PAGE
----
Since urban dictionary doesn’t quite spell it out for you, I will: This is when applications have been completed and sent, but there is neither an acceptance nor rejection from anyone. There is little to no knowledge of when an answer will arrive, if ever. This is grad school purgatory.
Did you know that bubbles can clean water? Specifically, dissolved air flotation (DAF) and ultrasound are two methods of making water safer with bubbles. DAF can be used to replace sedimentation in municipal drinking water treatment. Large particles are typically settled out using gravity, but with DAF, bubbles are produced by an oxygen tank pumping air into the bottom of a basin and small particles attach to the sides of the bubbles. The bubbles rise to the top of the basin and the particles are swept off the surface of the water by a skimmer.
The following article deviates from my conventional posts about homemade water treatment, but it is an important issue in the environmental realm- and could give scientists a clearer picture of endangered species.
“Within the field of cetacean research, a passive acoustic monitoring (PAM) system can be defined as a set of acoustic and electronic devices aimed at detecting and tracking marine mammals by listening to their vocalizations” – Brunoldi, et. al.
All Natural. Organic. Eco-friendly. Green. Farm Fresh. These are the sexy buzzwords that draw us in to products that unscrupulously exploit our desire to go green. The FDA doesn’t regulate these terms, and they are often nothing more than just words. “Green” products contain the color green on the packaging. “Farm fresh” covers essentially any meat or dairy product. “Natural” is more of a sentiment than a descriptor. And just to give you a sense of the word “organic”, Dichloromethane is an organic compound and is toxic. I definitely wouldn’t want that in my salad. So then, how should caring consumers discern the environmentally-sound eggs from the chemical-ridden cosmetics?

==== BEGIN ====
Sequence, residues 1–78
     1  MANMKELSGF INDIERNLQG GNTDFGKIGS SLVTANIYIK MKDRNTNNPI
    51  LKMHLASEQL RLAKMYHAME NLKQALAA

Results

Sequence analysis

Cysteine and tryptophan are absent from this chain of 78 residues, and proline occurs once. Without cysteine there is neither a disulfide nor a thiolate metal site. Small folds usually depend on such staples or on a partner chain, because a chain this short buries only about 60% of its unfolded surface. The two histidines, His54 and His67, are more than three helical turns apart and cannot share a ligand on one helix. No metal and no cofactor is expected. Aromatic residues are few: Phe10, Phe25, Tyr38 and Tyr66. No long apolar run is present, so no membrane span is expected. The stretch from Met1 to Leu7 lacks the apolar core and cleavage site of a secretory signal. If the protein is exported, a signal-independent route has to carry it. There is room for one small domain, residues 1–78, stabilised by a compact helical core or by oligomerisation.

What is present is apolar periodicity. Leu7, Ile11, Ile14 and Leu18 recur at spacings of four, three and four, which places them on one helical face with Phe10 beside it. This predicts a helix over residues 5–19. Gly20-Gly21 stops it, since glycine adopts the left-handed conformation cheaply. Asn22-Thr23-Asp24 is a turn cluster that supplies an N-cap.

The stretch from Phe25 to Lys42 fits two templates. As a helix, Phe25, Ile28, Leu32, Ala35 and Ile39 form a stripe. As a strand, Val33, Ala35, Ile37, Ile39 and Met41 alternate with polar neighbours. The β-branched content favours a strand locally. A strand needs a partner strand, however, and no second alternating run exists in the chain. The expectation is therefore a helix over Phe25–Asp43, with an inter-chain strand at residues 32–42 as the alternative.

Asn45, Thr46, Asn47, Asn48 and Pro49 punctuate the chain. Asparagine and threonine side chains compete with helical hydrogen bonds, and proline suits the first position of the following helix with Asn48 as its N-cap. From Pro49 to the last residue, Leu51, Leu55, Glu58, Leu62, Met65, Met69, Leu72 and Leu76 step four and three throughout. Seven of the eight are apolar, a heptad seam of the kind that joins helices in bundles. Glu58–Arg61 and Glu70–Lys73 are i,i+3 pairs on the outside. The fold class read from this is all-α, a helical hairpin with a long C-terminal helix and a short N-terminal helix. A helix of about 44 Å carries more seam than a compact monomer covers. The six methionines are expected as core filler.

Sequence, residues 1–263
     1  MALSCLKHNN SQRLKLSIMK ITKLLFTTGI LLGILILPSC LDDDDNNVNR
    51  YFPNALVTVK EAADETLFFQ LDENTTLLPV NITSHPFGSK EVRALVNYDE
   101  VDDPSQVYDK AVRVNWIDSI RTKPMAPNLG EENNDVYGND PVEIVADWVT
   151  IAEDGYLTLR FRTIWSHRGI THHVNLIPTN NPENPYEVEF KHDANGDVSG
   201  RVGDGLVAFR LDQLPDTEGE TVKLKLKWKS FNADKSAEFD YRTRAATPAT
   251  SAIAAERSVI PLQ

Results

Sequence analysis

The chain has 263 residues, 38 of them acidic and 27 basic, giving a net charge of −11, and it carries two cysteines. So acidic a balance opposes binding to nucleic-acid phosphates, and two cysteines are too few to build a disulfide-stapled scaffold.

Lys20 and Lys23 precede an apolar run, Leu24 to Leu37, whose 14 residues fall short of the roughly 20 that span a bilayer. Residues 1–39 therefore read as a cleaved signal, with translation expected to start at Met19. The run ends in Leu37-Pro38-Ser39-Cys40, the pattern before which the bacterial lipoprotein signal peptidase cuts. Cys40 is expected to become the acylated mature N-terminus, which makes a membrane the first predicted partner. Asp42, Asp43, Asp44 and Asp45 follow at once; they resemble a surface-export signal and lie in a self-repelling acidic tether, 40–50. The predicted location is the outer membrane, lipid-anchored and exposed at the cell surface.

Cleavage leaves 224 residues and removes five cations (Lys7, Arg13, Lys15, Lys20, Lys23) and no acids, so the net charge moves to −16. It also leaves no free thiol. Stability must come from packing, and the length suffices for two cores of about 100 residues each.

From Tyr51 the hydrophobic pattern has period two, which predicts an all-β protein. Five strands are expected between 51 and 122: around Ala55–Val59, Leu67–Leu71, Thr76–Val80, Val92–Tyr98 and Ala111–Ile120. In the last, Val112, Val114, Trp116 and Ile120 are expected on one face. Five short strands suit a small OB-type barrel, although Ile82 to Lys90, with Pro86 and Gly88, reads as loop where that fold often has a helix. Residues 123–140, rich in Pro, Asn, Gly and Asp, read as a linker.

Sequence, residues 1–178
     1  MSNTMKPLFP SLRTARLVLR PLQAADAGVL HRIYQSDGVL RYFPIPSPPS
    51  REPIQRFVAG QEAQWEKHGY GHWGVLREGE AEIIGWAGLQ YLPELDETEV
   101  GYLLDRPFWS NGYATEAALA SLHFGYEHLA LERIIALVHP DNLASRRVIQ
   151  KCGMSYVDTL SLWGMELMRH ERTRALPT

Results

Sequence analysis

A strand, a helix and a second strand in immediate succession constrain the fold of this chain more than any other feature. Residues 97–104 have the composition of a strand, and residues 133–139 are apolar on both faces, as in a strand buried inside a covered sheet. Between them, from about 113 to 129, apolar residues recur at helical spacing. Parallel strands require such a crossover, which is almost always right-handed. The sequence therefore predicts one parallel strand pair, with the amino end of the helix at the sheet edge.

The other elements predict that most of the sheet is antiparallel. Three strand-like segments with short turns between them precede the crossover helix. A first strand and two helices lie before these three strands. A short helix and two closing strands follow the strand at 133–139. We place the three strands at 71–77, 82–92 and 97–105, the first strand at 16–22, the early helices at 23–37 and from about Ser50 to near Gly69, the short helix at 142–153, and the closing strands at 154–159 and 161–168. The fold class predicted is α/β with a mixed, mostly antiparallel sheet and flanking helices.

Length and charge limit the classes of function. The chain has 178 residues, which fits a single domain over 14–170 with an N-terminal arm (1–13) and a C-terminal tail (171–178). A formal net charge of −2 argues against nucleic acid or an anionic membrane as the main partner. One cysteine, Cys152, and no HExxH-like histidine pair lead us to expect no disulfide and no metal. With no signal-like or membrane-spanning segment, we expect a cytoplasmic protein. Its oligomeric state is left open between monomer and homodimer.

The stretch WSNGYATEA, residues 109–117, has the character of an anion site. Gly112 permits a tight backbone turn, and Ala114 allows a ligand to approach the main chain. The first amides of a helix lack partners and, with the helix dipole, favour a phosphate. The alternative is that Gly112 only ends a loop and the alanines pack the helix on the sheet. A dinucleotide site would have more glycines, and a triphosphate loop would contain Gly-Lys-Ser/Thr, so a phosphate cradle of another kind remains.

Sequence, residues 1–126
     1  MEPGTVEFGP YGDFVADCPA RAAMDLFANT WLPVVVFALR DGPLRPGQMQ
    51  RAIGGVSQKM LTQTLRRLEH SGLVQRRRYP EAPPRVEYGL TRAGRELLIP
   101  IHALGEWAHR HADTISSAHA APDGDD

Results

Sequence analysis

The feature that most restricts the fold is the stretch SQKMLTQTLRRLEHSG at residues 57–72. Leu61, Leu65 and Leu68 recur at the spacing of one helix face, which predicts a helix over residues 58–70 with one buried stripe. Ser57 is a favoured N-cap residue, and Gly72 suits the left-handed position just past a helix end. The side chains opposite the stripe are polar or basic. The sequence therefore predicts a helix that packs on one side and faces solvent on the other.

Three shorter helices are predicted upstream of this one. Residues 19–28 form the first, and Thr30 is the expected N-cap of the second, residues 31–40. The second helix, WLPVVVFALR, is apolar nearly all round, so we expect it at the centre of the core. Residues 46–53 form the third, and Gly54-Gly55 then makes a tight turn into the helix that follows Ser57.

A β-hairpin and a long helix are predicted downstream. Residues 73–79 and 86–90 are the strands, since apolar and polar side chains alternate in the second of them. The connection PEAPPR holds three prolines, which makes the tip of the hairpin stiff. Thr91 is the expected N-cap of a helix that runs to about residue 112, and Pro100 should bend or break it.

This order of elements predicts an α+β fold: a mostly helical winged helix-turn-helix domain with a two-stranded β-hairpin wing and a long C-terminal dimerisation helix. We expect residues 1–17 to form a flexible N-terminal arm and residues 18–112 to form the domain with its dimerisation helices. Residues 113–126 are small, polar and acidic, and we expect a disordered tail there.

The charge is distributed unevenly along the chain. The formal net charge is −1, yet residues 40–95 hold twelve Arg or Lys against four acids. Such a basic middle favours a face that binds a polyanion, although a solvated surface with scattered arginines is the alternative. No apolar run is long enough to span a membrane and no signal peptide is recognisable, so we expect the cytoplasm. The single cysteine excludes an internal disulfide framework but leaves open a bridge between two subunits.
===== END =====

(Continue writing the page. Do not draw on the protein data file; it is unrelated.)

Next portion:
“UV radiation affects microorganisms by altering the DNA in the cells and impeding reproduction. UV treatment does not remove organisms from the water, it merely inactivates them.” – Water Research Center
For the longest time this summer I worked on a machine that performed persulfate-ultraviolet oxidation, but I really had no idea what it was. Looking at the machine, I could see that an oxygen tank and a beaker of persulfate solution were combining with my water samples and traveling through various tiny twisted tubes into a swirl of madness that then shot out in all directions and ended up in a scramble of numbers on the computer screen. So I asked around. Ten weeks of “asking around” later, and still all I knew was that somehow the glowing blue light was breaking down the carbon in my water samples and measuring its concentration.
On the left, persulfate-ultraviolet oxidation. Right, SteriPEN technology.
Recently I had the unique opportunity to interview renowned climate scientist Michael Oppenheimer. We met at the Hubbard Brook Annual Conference following his motivational speech. Dr. Oppenheimer is not only a professor of Geo-Sciences and International Affairs at Princeton, but also is a former member of the Environmental Defense Fund, and has an active role in the International Panel on Climate Change. He attained an undergraduate degree in Chemistry and a PhD in Chemical Physics, but is also versed in Atomic and Molecular Astrophysics and has even taught Astronomy at Harvard. Oppenheimer is able to speak about climate change in such a way that he has been a guest on several significant shows such as Oprah Winfrey, ABC News, and the Colbert Report. Aside from his credentials Dr. Oppenheimer is actually a very humble and inspiring person. Once you speak to him you will find he is quite delightful.
On Sunday night we arrived back at the University from our trip to Hubbard Brook Experimental Forest in New Hampshire. There were around a hundred researchers who attended the annual conference there. And let me tell you, not a single one wasn’t in shape. The mountain was steep, with an occasional dirt path leading the way, but other times you had to bushwhack to get where you were going. Although I had no cell service or internet for miles around and people were scarce, the restaurants we ate at were pure heaven. In the picture above: Woodstock Station and Brewery, view from Shamrock Motel of the White Mountains, the lab, and view of the brook. Continue reading “Hubbard Brook”